In 1998, Istvan Sipos of Hungary escaped with a narrow victory over Georgs Jermolajevs by 670 miles to 669 in a rain-filled ten days. Sipos would later shock the extreme running world with a great victory in the Sri Chinmoy 3100 Mile Race only a month later, running this distance in a remarkable 46 days, 17 hours. In the inaugural Sri Chinmoy Six-Day Race, David Luljak of the USA emerged victorious with 541 miles, and Dipali Cunningham broke Sandy Barwick's world road best with 504 miles. In 1999 Ron Gehl from Ontario,Canada prevailed with 640 miles in the 10-Day race, and Rimas Jakelaitis from Lithuania emerged victorious in the Six-day with 517 miles. Elvira Janosi and Dipali Cunningham won respectively for the women. In 2000 Rimas Jakelaitis set a new course record of 745 miles in the Ten day, David Luljak from Chevy Chase,MD took top honors in the Six day with 502 miles, and ultra pioneer and legend Ted Corbitt, 81, set a new world age group(80-84) best completing 240 miles in the six day event. Janosi and Cunningham again repeated as ladies' winners. 2001's races produced amazing results. Rimas Jakelaitis won the Ten Day in an astounding 901 miles, including a remarkable split of 600 miles for six days, only the fifth man this century to reach that plateau. Jakelaitis' total of 901 miles is the second best total for ten days all time. Dipali Cunningham broke her own world road best and prevailed in the Six Day Race overall, with 510 miles. Lastly Ted Corbitt shattered the octogenarian record with 303 miles in six days(80-84 age group), a mark that may not be broken for another generation or two. The two multidays moved back to Flushing Meadows Corona Park in 2002. Rimas Jakelaitis repeated again with 701 miles, Ashprihanal Aalto emerged victorious in the Six Day with 422 miles, and Dipali Cunningham won for the fifth straight time with 415 miles. In 2003, Hubert Muckenhumer of Austria prevailed with 631 miles in the Ten Day, as well as Dorothea Voegeli of Switzerland leading the women with 577 miles. Ashprihanal Aalto of Finland won the Six Day race for the second straight year with 457 miles, while Dipali Cunningham remained undefeated in the six Day race with 442 miles.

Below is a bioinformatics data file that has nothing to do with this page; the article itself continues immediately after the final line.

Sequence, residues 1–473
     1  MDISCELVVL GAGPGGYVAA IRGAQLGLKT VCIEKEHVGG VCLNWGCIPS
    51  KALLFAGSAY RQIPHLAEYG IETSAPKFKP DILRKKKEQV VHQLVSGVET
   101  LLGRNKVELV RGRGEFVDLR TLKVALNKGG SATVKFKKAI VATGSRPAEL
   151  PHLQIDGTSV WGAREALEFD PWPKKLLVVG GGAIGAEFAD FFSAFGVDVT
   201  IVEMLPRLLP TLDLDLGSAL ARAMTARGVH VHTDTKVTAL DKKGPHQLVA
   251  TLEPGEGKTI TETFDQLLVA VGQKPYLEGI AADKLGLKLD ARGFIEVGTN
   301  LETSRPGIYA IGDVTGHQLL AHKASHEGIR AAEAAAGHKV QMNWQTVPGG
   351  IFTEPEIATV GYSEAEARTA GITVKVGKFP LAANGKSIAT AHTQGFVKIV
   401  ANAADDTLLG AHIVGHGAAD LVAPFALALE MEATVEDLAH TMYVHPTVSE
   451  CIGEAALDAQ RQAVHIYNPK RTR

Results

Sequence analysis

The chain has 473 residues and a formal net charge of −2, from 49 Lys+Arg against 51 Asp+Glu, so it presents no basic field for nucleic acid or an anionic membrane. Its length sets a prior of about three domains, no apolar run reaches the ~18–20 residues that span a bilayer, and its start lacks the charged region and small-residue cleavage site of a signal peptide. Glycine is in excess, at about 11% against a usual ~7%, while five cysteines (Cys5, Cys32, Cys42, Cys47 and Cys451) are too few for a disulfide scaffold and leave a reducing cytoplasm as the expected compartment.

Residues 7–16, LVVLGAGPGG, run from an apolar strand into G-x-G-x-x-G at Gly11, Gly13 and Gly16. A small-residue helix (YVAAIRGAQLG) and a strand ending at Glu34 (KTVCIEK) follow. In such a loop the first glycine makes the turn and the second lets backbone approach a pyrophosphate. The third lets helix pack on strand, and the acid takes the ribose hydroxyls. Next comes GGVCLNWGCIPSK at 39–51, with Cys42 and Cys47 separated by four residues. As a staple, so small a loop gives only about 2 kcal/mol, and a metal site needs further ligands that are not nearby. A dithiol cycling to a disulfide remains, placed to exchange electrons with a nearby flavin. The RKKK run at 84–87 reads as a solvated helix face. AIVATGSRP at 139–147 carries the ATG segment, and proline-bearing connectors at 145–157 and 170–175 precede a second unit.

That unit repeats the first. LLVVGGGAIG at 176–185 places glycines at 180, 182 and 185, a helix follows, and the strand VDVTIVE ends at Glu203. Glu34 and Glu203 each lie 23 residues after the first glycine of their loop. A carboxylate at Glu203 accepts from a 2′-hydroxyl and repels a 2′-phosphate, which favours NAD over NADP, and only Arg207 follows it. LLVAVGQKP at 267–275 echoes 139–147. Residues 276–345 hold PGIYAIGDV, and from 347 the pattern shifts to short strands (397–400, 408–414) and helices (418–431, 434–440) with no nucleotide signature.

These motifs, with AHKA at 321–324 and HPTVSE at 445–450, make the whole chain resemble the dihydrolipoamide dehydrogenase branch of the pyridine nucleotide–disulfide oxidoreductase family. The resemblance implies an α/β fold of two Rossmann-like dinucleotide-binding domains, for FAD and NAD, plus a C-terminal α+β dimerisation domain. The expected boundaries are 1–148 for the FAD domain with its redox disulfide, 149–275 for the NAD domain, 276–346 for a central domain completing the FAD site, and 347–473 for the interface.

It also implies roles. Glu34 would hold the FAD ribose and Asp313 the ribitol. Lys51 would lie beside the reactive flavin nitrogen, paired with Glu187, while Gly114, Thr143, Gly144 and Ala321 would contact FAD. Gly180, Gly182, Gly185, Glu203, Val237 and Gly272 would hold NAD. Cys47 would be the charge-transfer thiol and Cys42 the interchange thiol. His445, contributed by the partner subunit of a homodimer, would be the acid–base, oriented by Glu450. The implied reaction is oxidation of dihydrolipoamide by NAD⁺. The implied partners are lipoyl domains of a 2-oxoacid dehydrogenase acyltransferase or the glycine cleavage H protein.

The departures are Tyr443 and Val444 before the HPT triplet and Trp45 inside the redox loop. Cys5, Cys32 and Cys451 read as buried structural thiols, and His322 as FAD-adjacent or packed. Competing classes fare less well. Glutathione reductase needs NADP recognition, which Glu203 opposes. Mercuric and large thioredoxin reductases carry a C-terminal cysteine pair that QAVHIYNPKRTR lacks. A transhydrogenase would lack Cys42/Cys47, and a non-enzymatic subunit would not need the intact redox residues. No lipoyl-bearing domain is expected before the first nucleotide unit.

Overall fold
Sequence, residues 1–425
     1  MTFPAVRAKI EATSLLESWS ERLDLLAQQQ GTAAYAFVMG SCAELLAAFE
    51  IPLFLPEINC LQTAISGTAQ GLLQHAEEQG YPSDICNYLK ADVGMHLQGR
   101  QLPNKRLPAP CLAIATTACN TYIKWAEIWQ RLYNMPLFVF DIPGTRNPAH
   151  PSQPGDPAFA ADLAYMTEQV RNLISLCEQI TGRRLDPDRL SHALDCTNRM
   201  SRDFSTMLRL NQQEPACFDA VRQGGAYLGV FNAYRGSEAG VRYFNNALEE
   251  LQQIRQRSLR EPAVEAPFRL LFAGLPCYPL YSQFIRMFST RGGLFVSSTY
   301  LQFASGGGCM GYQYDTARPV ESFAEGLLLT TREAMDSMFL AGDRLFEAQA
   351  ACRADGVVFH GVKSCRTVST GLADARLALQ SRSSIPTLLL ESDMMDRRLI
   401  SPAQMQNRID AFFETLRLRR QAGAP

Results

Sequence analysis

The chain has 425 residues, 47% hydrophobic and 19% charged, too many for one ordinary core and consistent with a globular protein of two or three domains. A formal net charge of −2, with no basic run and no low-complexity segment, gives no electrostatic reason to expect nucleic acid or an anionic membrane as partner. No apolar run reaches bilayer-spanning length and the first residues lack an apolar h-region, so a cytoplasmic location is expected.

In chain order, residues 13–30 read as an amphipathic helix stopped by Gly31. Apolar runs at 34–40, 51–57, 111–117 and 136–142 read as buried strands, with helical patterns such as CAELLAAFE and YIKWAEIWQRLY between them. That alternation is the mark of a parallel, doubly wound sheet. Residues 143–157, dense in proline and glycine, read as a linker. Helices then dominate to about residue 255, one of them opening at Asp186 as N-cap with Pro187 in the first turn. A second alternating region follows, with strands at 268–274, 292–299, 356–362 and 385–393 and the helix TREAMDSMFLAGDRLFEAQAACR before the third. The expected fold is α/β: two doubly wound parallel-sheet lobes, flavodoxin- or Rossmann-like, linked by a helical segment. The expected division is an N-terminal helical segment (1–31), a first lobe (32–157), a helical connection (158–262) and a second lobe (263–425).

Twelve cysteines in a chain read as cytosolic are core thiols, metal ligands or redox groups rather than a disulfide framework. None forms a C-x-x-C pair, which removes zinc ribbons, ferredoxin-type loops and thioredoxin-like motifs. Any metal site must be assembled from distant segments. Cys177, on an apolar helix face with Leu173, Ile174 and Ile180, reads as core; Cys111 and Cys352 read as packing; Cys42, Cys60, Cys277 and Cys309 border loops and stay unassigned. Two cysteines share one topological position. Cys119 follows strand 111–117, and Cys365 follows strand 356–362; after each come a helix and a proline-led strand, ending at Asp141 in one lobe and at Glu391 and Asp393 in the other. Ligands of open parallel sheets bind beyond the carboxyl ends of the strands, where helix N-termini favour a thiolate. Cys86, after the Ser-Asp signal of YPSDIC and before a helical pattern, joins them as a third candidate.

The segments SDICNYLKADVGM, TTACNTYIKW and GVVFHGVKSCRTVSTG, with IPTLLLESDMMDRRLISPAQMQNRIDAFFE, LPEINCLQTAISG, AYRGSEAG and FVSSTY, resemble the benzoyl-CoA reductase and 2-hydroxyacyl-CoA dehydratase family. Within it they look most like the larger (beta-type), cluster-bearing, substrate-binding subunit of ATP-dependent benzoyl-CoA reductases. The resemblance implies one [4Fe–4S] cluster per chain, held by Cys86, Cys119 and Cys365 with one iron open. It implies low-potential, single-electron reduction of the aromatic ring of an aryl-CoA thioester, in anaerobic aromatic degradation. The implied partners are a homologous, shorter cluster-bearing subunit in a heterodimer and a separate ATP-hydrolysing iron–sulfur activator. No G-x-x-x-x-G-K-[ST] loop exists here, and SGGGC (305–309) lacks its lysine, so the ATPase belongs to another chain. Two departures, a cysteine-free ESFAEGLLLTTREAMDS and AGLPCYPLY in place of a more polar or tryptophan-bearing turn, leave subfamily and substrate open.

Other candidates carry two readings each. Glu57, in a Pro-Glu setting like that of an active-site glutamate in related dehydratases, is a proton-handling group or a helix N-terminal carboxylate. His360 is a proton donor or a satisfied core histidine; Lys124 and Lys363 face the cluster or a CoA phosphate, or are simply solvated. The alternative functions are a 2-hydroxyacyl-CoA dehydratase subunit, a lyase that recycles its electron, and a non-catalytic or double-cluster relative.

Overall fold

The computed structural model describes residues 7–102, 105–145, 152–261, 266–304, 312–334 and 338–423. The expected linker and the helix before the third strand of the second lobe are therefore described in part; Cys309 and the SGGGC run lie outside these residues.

The Ten Day event shares its horizons with the 1300, 1000, and 700 mile running races collectively known as the Sri Chinmoy Ultra Trio that are held in the fall each year. A runner has 12 or 13 days to complete 700 miles, 15 or 16 days to finish 1000 miles, or 18 or 19 days to complete 1300 miles.
The world's best distances for 10 days on the road are 964 miles (in 1988) by Yiannis Kouros of Australia who was then a Greek national, and 807 miles (in 1991) by Sandy Barwick of New Zealand. The Six-Day Race, which starts on April 29, is currently the only six-day event in North America. Yiannis Kouros holds the road best for six days at 639 miles, set in 1988; Dipali Cunningham ran 510 miles for six days in a stunning performance in 2001, winning the race overall.
The runners eat, sleep and rest at trackside and receive care around the clock in their efforts to bring forward their best physical capacities. They circle the one mile loop course and often run 20 hours in any given 24 hour period. They are truly pioneers in a sport still obscure to the perceptions of the public. But their stories are told by their feet and their hearts.
The Sri Chinmoy Marathon Team offers its gratitude to the New York City Department. of Parks and Recreation and the staff of Flushing Meadows Corona Park,(Adrian Benepe, Parks Commissioner; Estelle Cooper, Flushing Meadows Park Director; Richard Murphy, head of Borough of Queens Parks) for allowing this event to happen; to City Councilman James Genarro for his support and assistance; to the courageous runners who are embarking on this journey of self- exploration, to the many SCMT volunteers who give so lovingly of their time, and to the leader and inspiration of all of the SCMT events, Sri Chinmoy himself, who has so strikingly nurtured multiday racing here in New York the past eighteen years. May all athletes transcend their previous achievements.